All the browsers has their own digital fingerprints which was initially designed for banks to prevent fraud. The users fingerprint detects all the information of users browser from his operating system to the plug-ins installed in his browser plus his time-zone. Banks can leverage fingerprinting to flag transactions that occur from a browser the bank has never seen associated with a customer’s account.
E-commerce sites and merchant accounts (payment service providers) use this technology to block any transaction if it is previously linked with unauthorized sales or fraudulent activities. Earlier this year the story came from various media outlets that how FraudFox, is helping the hackers to cheat the browsers fingerprints and remain anonymous. But FraudFox just a new entry in an established market which is lead by AntiDetect which is helping thieves to cashout from stolen Credit cards from online merchants.
AntiDetect tool is in this market for a long time now and also the market leader. The latest version of this tool is 188.8.131.52 which not only enables the criminals to fool browsers like Mozila, IE, Chrome, Safari etc but also enables them to easily change the components of their system to avoid fingerprinting.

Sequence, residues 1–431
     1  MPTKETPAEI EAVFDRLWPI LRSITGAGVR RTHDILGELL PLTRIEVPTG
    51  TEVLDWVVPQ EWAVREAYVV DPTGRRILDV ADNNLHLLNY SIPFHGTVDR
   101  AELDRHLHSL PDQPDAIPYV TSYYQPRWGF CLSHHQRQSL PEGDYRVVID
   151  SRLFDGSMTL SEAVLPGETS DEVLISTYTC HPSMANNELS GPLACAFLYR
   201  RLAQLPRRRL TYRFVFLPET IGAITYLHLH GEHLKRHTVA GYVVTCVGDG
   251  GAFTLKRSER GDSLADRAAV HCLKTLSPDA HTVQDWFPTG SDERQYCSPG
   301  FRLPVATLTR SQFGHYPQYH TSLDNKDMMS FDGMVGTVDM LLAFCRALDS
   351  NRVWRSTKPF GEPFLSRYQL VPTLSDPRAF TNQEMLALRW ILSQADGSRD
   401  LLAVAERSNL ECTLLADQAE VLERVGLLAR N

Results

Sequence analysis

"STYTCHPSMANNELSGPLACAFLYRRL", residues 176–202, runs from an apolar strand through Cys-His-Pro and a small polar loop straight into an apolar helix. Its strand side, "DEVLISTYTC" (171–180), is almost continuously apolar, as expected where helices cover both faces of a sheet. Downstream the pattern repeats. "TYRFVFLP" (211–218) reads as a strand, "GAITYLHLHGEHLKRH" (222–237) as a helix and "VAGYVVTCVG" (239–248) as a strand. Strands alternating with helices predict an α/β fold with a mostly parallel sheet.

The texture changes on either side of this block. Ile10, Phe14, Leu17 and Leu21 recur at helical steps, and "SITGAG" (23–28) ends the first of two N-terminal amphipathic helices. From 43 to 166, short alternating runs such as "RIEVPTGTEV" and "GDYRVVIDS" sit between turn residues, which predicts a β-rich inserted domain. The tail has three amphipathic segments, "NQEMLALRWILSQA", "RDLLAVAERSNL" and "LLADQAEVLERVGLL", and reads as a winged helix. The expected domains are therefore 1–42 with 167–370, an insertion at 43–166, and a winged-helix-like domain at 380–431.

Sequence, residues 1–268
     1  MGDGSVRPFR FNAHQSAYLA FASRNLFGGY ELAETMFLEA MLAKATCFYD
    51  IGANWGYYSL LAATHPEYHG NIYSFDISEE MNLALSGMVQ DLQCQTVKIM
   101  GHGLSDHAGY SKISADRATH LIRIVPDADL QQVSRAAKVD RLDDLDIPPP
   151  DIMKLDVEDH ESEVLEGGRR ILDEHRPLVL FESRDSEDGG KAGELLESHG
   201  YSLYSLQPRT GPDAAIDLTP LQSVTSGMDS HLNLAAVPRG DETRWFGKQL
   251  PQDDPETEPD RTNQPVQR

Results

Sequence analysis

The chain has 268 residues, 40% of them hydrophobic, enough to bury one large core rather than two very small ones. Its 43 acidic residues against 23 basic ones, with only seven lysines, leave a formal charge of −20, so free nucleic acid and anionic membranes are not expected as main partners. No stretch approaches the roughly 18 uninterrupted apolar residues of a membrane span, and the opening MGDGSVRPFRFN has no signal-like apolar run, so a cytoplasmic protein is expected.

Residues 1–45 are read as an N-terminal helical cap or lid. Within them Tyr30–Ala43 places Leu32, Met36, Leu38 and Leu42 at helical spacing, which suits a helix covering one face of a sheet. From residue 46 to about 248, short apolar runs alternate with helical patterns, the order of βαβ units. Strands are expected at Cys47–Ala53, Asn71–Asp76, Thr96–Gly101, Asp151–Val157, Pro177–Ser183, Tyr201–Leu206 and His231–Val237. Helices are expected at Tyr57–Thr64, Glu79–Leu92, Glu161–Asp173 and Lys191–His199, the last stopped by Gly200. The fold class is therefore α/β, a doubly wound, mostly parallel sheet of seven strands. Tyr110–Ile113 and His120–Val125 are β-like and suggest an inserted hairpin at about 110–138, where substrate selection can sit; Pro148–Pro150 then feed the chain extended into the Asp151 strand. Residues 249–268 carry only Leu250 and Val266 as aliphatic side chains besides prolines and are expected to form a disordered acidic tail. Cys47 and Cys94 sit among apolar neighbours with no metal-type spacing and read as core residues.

Using AntiDetect is not only easy but its highly successful among the underground hacker forums because it will keep changing your Version of browser, Adobe version, plug-ins installed in your browser,Language, Operating system type and your timezone. This will make it impossible for the online merchant to stop you shopping from e-commerce site or cashing out from the stolen credit card.
I think it’s safe to say we can expect to see more complex anti-fingerprinting tools come on the cyber-criminal market as fewer banks in the United States issue chipless cards. There is also no question that card-not-present fraud will spike as more banks in the US issue chipped cards; this same increase in card-not-present fraud has occurred in virtually every country that made the chip card transition, including Australia, Canada, France and the United Kingdom. The only question is: Are online merchants ready for the coming e-commerce fraud wave?